WunderGraph allows you to extend the GraphQL Schema of an origin and replace specific fields with a custom type. This is useful when you're integrating with a GraphQL API that uses custom scalars. Instead of using a generic
JSON scalar, you can replace it with a dedicated, intuitive, and more meaningful type definition to improve type-safety and create a superior developer experience.
Custom Schema Extensions are supported for GraphQL, REST (OAS), and database-generated APIs. WunderGraph also allows you to directly integrate with databases like PostgreSQL, MySQL, or MongoDB—all of which support
JSON data types.
But that's not all. With a generic
JSON scalar, users can use any legal JSON value as an input without any guarantee on its contents. With Custom Schema Extensions, you'll automatically receive JSON Schema validation for the input while being able to store the same value in a JSON/JSONB column.
Enabling Schema Extensions
If you are replacing a JSON scalar, you do not need to include it in the
customJSONScalars array. However, if it is not being replaced, the scalar type will be inferred as a TypeScript
string unless it is added to the
There are two mandatory steps to enabling Schema Extensions. First, you must provide the
schemaExtension itself in your
wundergraph.config.ts file. Add the
schemaExtension property to the introspection configuration for a data source. Inside this property, provide the GraphQL schema that will extend your original schema. In particular, it should contain the definition of all the custom types that you'll use to replace custom scalars in the original schema.
schemaExtension is a string representation of the GraphQL schema defining the new custom types that will be added to the original GraphQL schema.
Next, add the
replaceCustomScalarTypeFields property. Inside this property, you will need to add a separate definition object for each and every replacement.
replaceCustomScalarTypeFields is an object array that defines where and what replacements should happen. Each object defines the name of the field whose custom scalar type will be replaced, the name of the "parent" (type) to which the field belongs, and the name of a replacement custom type that was defined in the
The three properties that comprise the object are further defined below:
From wundergraph/sdk version 0.162.0,
inputTypeReplacement has been deprecated and will be ignored. Moreover,
fieldName are exact matching (and case-sensitive). Please create a separate replacement definition object for each and every field you wish to replace (including GraphQL Inputs).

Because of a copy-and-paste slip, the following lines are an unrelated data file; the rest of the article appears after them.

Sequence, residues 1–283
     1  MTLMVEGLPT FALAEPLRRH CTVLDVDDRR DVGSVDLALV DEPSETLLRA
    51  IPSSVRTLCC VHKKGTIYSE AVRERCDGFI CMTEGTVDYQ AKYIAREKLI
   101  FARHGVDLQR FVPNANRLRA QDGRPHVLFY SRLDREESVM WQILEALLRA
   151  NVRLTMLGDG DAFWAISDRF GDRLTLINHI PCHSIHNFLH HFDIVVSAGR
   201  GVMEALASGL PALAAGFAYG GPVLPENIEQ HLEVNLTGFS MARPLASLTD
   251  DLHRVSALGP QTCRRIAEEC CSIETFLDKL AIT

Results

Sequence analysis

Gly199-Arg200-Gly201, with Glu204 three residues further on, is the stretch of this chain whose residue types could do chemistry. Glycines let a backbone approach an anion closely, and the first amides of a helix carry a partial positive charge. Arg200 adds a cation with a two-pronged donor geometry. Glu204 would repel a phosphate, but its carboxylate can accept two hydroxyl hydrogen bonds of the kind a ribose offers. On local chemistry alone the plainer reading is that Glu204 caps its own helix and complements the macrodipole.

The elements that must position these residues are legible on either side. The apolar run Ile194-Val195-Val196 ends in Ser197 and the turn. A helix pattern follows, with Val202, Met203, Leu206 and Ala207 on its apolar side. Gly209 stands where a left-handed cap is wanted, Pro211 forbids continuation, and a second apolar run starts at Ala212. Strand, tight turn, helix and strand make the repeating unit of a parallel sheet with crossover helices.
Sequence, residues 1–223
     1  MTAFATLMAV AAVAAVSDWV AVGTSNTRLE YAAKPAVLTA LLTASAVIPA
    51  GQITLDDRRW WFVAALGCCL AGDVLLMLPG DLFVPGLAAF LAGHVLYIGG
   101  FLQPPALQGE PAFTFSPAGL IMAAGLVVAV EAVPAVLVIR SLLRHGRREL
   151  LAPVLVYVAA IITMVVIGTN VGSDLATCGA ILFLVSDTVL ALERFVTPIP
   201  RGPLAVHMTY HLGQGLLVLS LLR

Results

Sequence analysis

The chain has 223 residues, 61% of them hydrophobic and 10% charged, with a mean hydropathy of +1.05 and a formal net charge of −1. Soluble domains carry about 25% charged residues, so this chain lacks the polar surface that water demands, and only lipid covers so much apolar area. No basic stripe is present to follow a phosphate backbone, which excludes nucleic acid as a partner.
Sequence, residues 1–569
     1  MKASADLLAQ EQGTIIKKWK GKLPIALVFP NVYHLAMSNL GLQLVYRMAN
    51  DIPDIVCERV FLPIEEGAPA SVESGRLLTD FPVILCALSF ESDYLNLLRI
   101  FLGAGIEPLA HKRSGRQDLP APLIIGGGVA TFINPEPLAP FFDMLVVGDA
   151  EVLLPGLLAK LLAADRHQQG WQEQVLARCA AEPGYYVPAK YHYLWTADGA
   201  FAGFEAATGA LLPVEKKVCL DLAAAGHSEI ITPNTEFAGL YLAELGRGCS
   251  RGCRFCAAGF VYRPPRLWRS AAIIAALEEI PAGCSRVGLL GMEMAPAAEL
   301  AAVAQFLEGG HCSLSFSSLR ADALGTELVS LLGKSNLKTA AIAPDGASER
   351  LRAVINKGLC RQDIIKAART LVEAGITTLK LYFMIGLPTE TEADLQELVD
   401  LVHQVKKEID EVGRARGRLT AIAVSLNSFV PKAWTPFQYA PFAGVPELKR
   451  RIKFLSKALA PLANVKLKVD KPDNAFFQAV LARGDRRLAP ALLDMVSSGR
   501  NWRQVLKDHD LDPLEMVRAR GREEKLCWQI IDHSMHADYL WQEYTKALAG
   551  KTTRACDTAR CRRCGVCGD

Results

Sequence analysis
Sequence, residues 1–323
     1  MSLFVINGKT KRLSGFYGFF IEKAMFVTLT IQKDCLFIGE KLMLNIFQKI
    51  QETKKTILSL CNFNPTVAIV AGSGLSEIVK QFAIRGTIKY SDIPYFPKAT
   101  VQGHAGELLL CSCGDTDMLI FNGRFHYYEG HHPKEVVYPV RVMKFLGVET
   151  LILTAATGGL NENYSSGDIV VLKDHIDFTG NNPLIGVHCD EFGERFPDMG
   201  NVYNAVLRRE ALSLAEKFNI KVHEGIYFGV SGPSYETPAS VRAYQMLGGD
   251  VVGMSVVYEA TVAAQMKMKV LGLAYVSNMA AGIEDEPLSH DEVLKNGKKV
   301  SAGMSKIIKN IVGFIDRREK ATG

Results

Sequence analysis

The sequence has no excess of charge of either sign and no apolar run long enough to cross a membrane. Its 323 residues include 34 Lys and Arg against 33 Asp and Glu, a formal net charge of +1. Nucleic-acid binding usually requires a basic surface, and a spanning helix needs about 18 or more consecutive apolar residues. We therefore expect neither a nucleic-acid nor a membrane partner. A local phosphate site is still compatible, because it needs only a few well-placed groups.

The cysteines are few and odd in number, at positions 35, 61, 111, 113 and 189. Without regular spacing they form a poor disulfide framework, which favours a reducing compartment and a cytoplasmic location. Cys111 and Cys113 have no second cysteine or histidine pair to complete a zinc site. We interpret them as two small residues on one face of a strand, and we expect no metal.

entityName is the exact, case-sensitive name of the GraphQL type (Object or Input). For database-generated APIs, it may represent a database table.
fieldName is the exact, case-sensitive name of the field whose type should be replaced.
responseTypeReplacement is the exact, case-sensitive name of the type that should be used as the response or input. This type must be defined in
An important note on interfaces
If the field whose type you wish to replace exists on an interface that the parent implements, the interface field response type will also be replaced. Consequently, when replacing a field that exists on an interface, replacement definitions for all Object types that implement that interface must be added to the
replaceCustomScalarTypeFields object array.
Let's take a look at some examples.
GraphQL data source with custom scalar
geography is a custom scalar, so the client has to know how to handle it.
Now the query operation looks like this:
GraphQL data source with custom scalars and interfaces
teamData are each fields that are defined on an implemented interface. Their respective types,
TrainerJSON, are custom scalars. For interface implementation to remain valid, the interface types must also be replaced.
If an object implements one or more interfaces, and you are replacing a field's response type that exists on one of those interfaces, you must add replacement definitions for all other Objects types that implement those interfaces.
Now the query operation might look like this:
And a snippet of the new schema:
Database with JSON/JSONB columns
Let's say we have a table
users with a JSONB column
And the record looks like this:
To be able to query the
contact column, we can use the following configuration:
The query operation will look like this:
Without the Custom Schema Extension, you wouldn't be able to select the
As we're generating an input type as well (
db_ContactInput), users cannot use any arbitrary JSON data as input but need to specify the
REST API with arbitrary JSON type
This example explains how to use the Custom Schema Extension to add a custom type to an existing REST API.
In a similar way to the previous examples, we can use the introspection configuration to replace the
contact field with a custom type: